Until you get more confident (and even once you’re pretty good at it!) I suggest locking yourself away in a quiet room with no distractions to work Kitchener stitch, and DO NOT stop in the middle, or you may lose your place!
Cut your working yarn a good 3-4 times longer than you think you need. Then thread it on a tapestry needle.
I will start with some photos showing the steps, and at the end of this post I will have two videos showing the process. (You can skip down to the videos first if you’d like!) 🙂
Knitting ready to graft:
Working yarn threaded on needle and ready to go (shown in contrast yarn.):
In this case my yarn is coming from the front needle. When you’re knitting in the round, your yarn will be coming from the back needle instead. Doesn’t matter! Just start with the front needle instead of the back needle.
The first step is to work an “Opposite On” stitch on the needle that does NOT have the working yarn.
In this case the stitch is a purl, so put the needle into the stitch as if to knit and leave the stitch on the knitting needle.
Now we need to work an “Opposite On” on the front needle.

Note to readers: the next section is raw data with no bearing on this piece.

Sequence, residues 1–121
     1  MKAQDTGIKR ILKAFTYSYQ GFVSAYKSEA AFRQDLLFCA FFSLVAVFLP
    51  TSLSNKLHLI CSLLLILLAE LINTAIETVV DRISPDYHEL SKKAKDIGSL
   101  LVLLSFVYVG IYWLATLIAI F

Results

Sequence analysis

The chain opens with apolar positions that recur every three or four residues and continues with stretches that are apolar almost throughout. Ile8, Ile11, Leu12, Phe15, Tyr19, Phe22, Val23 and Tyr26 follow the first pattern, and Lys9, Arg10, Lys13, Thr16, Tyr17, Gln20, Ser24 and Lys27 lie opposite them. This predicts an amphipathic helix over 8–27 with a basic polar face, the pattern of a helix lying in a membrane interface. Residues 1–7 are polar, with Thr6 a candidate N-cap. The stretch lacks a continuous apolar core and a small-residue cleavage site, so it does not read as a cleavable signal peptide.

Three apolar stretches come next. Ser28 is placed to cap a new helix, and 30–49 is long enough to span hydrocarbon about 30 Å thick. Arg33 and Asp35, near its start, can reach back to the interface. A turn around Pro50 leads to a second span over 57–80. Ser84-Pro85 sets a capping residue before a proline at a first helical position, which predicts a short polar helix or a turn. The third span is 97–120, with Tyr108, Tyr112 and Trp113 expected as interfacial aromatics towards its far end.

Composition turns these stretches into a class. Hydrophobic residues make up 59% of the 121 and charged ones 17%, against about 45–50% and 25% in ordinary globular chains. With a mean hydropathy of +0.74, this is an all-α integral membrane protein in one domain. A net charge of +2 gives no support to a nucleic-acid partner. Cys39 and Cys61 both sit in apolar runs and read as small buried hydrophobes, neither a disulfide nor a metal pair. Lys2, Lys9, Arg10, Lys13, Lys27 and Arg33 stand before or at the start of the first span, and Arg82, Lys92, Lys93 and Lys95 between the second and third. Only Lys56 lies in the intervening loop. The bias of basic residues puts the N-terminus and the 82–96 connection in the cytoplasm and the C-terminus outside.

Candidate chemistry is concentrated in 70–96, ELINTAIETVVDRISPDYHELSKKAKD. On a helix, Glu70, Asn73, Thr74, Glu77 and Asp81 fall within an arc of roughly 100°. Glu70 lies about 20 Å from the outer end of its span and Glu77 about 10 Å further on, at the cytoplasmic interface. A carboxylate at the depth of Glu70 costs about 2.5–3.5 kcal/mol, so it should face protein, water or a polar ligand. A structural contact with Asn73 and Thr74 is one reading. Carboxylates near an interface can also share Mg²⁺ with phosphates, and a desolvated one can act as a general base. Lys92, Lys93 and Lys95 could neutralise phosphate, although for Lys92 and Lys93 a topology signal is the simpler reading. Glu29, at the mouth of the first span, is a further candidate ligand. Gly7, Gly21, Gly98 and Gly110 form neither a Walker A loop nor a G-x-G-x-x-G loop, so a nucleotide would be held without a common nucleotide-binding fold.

This is a knit stitch, so put the tapestry needle through the stitch as if to purl.
Pull the yarn through, but do not pull it tight. We will fix the tension after everything is done. BE SURE to keep the working thread UNDER the knitting needles. This is very important. If you don’t you will have a big mess.
Now we’re ready to start working the stitches off the needle. We last did the front needle, so move to the back needle and begin working the pair of instructions : “Same Off, Opposite On”.
Our back stitch is a purl, so to “Same Off” purl this stitch and pull it off the needle. Before you do anything else, work an “Opposite On”: knit the next stitch (because it is a purl) and leave it on the needle.
Now pull your working yarn through, but not too tight.
Move to the front needle, and repeat the process, this time with your knit stitches.